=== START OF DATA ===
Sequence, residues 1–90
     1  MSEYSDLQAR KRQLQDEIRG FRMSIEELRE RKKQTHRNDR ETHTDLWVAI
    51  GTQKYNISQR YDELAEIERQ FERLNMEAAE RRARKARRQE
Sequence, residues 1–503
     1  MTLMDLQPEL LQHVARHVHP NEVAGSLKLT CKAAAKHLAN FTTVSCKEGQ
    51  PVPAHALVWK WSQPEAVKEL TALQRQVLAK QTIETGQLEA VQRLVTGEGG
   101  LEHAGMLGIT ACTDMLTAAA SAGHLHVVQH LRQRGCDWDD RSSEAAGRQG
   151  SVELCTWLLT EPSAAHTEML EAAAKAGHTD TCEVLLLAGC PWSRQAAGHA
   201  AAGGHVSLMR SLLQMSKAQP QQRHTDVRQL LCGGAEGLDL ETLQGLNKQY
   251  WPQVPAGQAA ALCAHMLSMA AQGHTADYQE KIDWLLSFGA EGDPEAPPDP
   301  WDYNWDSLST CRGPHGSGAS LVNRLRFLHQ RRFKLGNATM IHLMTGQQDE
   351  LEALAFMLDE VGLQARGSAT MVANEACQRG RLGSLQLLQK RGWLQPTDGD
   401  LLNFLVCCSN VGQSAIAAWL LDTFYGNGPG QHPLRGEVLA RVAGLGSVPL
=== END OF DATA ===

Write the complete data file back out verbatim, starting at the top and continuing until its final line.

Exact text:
Sequence, residues 1–90
     1  MSEYSDLQAR KRQLQDEIRG FRMSIEELRE RKKQTHRNDR ETHTDLWVAI
    51  GTQKYNISQR YDELAEIERQ FERLNMEAAE RRARKARRQE
Sequence, residues 1–503
     1  MTLMDLQPEL LQHVARHVHP NEVAGSLKLT CKAAAKHLAN FTTVSCKEGQ
    51  PVPAHALVWK WSQPEAVKEL TALQRQVLAK QTIETGQLEA VQRLVTGEGG
   101  LEHAGMLGIT ACTDMLTAAA SAGHLHVVQH LRQRGCDWDD RSSEAAGRQG
   151  SVELCTWLLT EPSAAHTEML EAAAKAGHTD TCEVLLLAGC PWSRQAAGHA
   201  AAGGHVSLMR SLLQMSKAQP QQRHTDVRQL LCGGAEGLDL ETLQGLNKQY
   251  WPQVPAGQAA ALCAHMLSMA AQGHTADYQE KIDWLLSFGA EGDPEAPPDP
   301  WDYNWDSLST CRGPHGSGAS LVNRLRFLHQ RRFKLGNATM IHLMTGQQDE
   351  LEALAFMLDE VGLQARGSAT MVANEACQRG RLGSLQLLQK RGWLQPTDGD
   401  LLNFLVCCSN VGQSAIAAWL LDTFYGNGPG QHPLRGEVLA RVAGLGSVPL